Although Virbela offers a virtual reality aspect in its platform, many of its best practices can be used in other forms of virtual events. Even if your event can’t provide patrons with personalized avatars, the focus should be on how interaction can be fostered. 

Manage Expectations with Easy-to-Find Information

INTIX 2021’s attendees had few ideas of what they were getting into when it came to participating in a virtual reality event. INTIX proactively communicated to provide as much insight into the event, the platform, and what attendees might expect.

They held two days of orientation to get newcomers comfortable with the digital platform. This is a fantastic way to increase event engagement.

Playing to an international audience can be a difficult balancing act. Softjourn’s employees are global, which meant that some could not attend all that the virtual conference had to offer.

"The biggest con was the time zone shift," Nykyforuk said. "There were some activities we couldn't join in, like the concert that was held at 3 A.M. our time. Not the end of the world, but that's a big challenge in planning a virtual event when appealing to an audience around the globe."

 

Provide Different Levels of Interaction

Conference attendees didn’t just have the opportunity to interact directly with one another, but also with the environment. Animations made for a fun jumping off point, whether someone was showing off their Gangnam style or samba dance moves or waving hello.

Soccer fields offered a quick game between conference sessions. Speedboats let users take a few laps around the island to enjoy the digital environment.

"The overall experience was good," said Lyubomyr Nykyforuk, Softjourn ticketing expert. "Transitioning from one place to another quickly was a huge benefit — being able to participate in the conference from home and avoid things like jet lag was a big plus."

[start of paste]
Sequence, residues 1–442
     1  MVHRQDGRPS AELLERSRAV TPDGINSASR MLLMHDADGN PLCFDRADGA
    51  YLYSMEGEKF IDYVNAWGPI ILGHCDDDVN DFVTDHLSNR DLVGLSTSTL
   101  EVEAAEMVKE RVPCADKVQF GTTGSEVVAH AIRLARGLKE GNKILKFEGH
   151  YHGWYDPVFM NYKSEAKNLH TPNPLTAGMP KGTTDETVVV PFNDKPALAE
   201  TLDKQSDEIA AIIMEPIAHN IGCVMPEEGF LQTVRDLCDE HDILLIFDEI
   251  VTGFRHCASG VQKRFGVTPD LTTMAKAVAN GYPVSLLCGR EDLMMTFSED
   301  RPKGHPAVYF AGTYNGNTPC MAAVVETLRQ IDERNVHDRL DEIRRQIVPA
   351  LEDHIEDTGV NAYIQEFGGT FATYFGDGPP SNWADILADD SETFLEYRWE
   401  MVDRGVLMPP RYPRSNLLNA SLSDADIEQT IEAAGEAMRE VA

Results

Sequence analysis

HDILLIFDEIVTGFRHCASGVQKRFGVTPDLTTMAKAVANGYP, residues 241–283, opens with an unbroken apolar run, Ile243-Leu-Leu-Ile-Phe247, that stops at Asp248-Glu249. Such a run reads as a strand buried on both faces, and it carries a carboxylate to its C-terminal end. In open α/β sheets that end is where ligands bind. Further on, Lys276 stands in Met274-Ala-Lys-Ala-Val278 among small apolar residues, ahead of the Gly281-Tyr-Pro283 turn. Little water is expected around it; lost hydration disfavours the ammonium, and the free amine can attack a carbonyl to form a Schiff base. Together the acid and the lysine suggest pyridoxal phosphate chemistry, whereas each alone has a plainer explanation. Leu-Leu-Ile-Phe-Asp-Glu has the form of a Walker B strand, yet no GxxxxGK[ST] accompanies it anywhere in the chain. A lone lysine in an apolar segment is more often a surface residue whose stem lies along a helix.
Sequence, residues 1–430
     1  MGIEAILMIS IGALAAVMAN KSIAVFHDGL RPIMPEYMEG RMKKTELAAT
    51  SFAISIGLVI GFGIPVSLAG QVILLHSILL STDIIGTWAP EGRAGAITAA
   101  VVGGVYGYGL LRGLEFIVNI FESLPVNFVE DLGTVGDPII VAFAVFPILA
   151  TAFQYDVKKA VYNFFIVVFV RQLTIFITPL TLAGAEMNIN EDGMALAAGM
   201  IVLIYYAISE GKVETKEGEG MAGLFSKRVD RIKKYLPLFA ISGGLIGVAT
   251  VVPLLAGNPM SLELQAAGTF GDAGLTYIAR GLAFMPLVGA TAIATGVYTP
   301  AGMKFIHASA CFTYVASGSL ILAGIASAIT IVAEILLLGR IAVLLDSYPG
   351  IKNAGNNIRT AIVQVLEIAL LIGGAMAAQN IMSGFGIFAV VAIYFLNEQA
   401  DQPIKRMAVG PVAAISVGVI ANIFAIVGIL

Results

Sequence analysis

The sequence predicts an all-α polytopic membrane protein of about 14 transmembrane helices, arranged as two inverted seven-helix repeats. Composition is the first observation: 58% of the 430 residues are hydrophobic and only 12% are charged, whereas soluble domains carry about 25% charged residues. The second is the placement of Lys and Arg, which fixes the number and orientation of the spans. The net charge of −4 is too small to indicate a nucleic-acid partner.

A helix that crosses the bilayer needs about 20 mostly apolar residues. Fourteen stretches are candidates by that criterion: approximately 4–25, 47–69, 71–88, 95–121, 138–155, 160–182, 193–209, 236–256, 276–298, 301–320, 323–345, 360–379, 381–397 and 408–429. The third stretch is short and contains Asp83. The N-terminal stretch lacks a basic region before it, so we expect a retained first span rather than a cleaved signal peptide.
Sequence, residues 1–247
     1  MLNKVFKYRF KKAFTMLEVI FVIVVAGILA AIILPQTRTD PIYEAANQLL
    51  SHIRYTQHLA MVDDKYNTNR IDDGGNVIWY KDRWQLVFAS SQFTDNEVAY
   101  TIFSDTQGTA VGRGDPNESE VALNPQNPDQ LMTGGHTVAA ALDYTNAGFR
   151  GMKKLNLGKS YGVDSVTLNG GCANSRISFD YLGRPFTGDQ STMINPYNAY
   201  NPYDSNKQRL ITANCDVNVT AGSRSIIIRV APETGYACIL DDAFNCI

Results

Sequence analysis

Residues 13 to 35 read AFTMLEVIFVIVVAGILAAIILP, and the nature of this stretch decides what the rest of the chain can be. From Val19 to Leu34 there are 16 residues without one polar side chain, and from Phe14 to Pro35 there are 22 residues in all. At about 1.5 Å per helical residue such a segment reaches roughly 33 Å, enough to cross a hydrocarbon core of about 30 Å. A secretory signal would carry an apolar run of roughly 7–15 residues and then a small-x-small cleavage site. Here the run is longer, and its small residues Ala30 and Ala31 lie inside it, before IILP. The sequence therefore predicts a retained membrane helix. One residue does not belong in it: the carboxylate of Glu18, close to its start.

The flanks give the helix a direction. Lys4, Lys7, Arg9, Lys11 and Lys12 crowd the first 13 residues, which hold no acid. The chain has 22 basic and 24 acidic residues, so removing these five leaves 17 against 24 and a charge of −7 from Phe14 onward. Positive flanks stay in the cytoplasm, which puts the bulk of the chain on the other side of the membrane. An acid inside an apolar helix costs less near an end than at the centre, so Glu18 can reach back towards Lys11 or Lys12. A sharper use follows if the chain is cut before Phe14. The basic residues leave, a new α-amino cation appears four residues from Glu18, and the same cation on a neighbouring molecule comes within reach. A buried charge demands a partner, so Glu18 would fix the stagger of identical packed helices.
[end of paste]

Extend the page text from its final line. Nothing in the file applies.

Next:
"Still being able to participate in INTIX was great," said Christina Lesnianska, Softjourn ticketing business development manager. "Although I haven't had a chance to attend many conferences or travel much, so I wouldn't mind jet lag!"

While the beach wasn’t just like getting sand between your toes and going to the top of the lighthouse didn’t have wind whipping your hair away from your face, all of the different environments certainly provided attractive options that differed from the typical meeting screen.  

The Takeaway: For livestreamed virtual events, interaction can come in the form of chats, polls, and/or trivia. Asking patrons to submit questions pulls them away from potential multi-tasking to instead engage fully with the content. Trivia can provide icebreakers to get discussion going in the crowd. Another type of interaction are “interactables,” or clickable actions that can show different emojis or even set off animations, like throwing tomatoes at a screen. Softjourn developed such interactions for ClipSync’s social viewing experience. 

 

Facilitate Networking

Throughout the island, attendees could find cordoned off areas where they could have a private conversation. Audio in public spaces was freely heard by anyone within a certain distance, which is why INTIX cautioned attendees to mute their microphones if they weren’t talking to anyone.

Tables, office spaces, booth areas, and anything else surrounded by a glowing blue line indicated a private space for a quick chat with a colleague or a conversation with a prospective client.

"I really enjoyed that Virbela’s platform offered opportunities for networking," Lesnianska said. "In the Exhibition Hall, there were always representatives at the booths, so you could drop in to have a quick chat."

A directory of those presently online was visible in the top left-hand corner of the screen. Attendees could scroll through the names, and if they wanted to introduce themselves, could immediately jump across the digital landscape to that individual.

The Takeaway: For livestreamed virtual events, patrons want to network with one another. This can be facilitated with different levels of chat boxes, both private and public. Integrating with a service that offers a speed networking system is another idea. Such a service might offer a QR code that patrons can scan with their mobile device and be automatically connected with presenters or exhibitors. 

 

Pre and Post-Event Communication

During the conference, presenters had the ability to follow up with attendees and connect through the platform and email. INTIX kept up a steady stream of communication both before and after the conference to keep patrons connected and informed. 

“Events are about connections, relationships,” said Lesnianska. “Event organizers and venues want to create and sustain long lasting relationships with their audiences. Ticketing platforms should offer ways to facilitate those connections, whether through technical means or other channels.”